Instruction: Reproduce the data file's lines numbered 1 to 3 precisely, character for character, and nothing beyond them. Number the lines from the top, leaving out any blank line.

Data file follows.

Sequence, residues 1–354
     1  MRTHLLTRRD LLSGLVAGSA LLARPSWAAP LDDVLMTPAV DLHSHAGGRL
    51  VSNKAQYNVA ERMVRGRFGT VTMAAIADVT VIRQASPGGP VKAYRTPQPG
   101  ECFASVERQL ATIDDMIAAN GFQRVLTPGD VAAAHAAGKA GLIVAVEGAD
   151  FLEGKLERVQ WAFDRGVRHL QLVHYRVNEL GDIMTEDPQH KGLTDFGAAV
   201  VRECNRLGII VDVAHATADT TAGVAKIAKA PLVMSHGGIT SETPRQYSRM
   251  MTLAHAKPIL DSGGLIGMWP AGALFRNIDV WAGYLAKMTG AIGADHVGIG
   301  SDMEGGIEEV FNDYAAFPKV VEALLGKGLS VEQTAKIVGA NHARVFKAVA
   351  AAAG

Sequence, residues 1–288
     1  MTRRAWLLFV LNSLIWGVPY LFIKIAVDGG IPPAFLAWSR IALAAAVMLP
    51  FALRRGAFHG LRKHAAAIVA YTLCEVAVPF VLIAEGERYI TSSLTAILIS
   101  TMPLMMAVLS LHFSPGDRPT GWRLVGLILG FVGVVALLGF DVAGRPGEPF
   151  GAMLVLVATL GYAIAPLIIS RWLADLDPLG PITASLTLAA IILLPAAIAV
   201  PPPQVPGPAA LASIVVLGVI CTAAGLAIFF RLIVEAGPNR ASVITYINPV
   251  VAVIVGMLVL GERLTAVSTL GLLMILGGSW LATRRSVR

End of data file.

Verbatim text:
Sequence, residues 1–354
     1  MRTHLLTRRD LLSGLVAGSA LLARPSWAAP LDDVLMTPAV DLHSHAGGRL
    51  VSNKAQYNVA ERMVRGRFGT VTMAAIADVT VIRQASPGGP VKAYRTPQPG